Members recall that access to basic payment services is one of the preconditions for consumers to benefit from the internal market. It is essential for consumers to reap the benefits of e-commerce and is increasingly becoming a prerequisite for social inclusion in terms of access to employment, healthcare and housing.

The Commission estimates that currently 7 % of the Union's adult population, i.e around 30 million people, do not have a bank account, and that an estimated 6.4 million of those have been deprived of or have not dare ask for a bank account. Financial exclusion varies from one Member State to another and some Member States have a very low penetration rate of bank accounts with the lowest percentage being around 50 % of the adult population in Romania and Bulgaria.

In its 2011 work programme the Commission announced its intention of publishing a proposal for a legislative instrument concerning access to a bank account, but on 18 July 2011 it instead merely published a recommendation on access to a basic payment account. Despite that recommendation, 15 Member States still have no legal or voluntary provisions requiring banks to offer basic banking services.

Against this background, Members requests that the Commission :

  1. put forward a detailed assessment of the state of play in all Member States by September 2012;
  2. submit, by January 2013, on the basis of Article 114 of the Treaty on the Functioning of the European Union, a proposal for a directive ensuring access to basic payment services to all consumers legally residing in the Union, unless that detailed assessment demonstrates that there is no need for such a proposal.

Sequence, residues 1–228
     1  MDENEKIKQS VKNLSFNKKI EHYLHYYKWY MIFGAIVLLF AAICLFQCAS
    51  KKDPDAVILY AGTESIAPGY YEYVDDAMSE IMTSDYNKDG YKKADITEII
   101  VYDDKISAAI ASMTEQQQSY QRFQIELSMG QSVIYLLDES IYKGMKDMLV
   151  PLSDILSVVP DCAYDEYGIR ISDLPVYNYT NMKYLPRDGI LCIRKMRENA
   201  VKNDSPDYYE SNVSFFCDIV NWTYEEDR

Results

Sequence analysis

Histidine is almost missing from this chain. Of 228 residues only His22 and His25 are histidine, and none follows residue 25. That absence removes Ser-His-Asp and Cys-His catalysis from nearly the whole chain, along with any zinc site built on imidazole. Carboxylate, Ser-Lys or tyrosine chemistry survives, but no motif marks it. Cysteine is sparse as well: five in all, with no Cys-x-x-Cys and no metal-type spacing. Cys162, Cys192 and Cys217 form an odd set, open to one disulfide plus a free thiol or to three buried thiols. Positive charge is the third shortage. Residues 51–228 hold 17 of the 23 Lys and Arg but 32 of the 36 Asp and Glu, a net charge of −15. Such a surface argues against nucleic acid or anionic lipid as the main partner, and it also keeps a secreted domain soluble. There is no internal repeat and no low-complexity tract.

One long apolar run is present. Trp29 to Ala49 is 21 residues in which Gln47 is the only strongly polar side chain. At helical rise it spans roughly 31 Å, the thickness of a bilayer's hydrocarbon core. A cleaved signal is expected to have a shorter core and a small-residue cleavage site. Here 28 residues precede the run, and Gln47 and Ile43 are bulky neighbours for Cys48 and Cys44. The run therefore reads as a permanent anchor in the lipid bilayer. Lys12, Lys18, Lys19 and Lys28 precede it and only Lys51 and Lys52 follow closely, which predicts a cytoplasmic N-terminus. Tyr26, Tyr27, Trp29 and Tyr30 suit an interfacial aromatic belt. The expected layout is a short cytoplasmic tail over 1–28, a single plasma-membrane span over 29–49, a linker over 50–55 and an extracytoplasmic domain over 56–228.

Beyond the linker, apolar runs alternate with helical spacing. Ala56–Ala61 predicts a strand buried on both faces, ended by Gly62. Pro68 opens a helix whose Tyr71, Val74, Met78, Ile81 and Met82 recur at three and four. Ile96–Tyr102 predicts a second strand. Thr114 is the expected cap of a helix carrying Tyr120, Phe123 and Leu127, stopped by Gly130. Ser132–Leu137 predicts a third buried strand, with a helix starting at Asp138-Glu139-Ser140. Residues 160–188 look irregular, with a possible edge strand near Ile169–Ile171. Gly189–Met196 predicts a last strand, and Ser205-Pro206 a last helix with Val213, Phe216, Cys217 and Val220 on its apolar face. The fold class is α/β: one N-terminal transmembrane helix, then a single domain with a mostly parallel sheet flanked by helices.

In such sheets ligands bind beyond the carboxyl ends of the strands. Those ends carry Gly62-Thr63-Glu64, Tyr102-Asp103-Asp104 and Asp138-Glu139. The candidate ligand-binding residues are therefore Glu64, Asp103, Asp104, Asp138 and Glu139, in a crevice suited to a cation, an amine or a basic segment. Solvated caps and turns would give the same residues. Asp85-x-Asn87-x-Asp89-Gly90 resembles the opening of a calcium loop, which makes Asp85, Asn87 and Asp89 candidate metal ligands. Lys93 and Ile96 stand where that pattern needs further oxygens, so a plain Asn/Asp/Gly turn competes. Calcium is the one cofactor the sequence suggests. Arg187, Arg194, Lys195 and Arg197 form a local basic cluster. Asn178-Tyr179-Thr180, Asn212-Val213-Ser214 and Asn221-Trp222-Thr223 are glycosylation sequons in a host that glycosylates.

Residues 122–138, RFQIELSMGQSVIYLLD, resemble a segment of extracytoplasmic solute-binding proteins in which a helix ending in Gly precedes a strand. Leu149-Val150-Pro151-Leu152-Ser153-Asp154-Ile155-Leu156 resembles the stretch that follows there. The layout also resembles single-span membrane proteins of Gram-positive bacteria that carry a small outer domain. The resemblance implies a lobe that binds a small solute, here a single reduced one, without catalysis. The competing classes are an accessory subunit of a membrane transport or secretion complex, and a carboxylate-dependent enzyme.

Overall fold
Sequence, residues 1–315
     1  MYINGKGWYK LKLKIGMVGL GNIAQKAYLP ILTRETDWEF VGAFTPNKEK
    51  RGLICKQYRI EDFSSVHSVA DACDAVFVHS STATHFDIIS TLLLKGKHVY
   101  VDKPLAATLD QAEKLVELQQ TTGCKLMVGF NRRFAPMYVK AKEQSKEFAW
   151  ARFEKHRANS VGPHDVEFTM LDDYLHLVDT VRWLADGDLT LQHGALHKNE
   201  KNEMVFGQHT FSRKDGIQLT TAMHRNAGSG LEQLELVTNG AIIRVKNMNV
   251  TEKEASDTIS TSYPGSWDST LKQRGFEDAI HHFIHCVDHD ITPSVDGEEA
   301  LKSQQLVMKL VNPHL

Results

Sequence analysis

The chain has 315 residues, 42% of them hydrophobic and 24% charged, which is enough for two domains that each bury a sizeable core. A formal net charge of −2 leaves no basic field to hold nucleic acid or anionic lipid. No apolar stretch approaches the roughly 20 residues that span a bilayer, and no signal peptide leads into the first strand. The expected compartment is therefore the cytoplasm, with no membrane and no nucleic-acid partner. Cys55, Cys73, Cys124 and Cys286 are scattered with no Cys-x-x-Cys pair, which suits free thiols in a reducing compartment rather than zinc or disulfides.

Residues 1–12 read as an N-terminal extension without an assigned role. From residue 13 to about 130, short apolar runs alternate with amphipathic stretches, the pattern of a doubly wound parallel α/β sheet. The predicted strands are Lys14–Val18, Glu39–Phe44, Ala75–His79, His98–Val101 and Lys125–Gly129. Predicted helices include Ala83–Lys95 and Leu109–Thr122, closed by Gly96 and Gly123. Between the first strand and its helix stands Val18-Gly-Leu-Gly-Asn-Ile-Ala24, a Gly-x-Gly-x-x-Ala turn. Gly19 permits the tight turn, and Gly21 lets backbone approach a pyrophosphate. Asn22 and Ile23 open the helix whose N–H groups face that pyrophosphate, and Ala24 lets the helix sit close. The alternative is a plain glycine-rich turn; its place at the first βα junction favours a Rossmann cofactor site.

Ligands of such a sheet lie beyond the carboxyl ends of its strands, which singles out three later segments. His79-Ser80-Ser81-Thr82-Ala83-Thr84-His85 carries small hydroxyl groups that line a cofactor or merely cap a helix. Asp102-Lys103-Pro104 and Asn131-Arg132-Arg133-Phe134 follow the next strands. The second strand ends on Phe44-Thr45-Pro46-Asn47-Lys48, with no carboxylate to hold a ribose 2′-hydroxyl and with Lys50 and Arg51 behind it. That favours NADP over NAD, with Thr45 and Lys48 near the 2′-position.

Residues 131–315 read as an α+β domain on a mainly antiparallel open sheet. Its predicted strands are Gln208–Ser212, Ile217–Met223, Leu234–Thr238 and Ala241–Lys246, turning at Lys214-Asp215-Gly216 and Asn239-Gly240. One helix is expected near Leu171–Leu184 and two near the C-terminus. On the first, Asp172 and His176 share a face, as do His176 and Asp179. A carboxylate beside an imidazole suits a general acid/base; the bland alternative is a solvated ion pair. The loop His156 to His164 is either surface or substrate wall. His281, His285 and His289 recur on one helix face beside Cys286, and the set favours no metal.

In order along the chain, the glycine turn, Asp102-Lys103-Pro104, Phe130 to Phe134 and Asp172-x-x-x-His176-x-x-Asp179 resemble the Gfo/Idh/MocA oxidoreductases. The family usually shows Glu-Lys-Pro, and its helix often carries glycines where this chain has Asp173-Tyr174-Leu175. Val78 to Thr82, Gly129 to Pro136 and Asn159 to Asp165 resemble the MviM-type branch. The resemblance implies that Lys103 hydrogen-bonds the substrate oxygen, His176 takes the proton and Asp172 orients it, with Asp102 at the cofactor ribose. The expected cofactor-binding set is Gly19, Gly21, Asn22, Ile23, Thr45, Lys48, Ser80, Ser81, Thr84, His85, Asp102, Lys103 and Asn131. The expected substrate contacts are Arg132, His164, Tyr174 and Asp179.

Members consider that the following recommendations in the annex should be included in the annex to its proposal for a resolution:

Recommendation 1 (on scope): the term “basic payment account” should be defined as a payment account offered in line with the provisions of the proposed legislation. The directive should provide that Member States must ensure access to basic payment services by obliging, in principle, all payment service providers that offer payment accounts to consumers as an integral part of their regular business to provide basic payment accounts. In order to avoid undue burdens on payment service providers not offering payment accounts to consumers, certain provisions may be exempt from the obligation to provide a basic payment account.